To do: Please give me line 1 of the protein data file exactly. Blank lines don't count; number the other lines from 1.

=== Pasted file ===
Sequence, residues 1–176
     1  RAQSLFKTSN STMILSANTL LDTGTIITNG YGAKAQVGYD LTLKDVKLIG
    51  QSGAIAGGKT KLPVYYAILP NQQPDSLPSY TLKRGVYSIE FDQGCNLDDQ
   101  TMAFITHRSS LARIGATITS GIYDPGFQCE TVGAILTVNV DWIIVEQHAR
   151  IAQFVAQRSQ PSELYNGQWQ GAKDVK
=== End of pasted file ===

Sequence, residues 1–176